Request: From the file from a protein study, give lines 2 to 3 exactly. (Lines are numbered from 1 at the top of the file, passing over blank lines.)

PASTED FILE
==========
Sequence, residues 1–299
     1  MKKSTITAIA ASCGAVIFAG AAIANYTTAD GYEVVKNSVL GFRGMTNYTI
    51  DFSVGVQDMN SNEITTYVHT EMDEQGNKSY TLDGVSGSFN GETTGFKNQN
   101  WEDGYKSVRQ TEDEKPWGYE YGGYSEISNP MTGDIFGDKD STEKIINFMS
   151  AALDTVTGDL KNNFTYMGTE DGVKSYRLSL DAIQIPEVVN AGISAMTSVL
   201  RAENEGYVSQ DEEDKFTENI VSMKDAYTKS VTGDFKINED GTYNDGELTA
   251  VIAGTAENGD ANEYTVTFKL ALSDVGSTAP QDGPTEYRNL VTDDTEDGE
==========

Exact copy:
     1  MKKSTITAIA ASCGAVIFAG AAIANYTTAD GYEVVKNSVL GFRGMTNYTI
    51  DFSVGVQDMN SNEITTYVHT EMDEQGNKSY TLDGVSGSFN GETTGFKNQN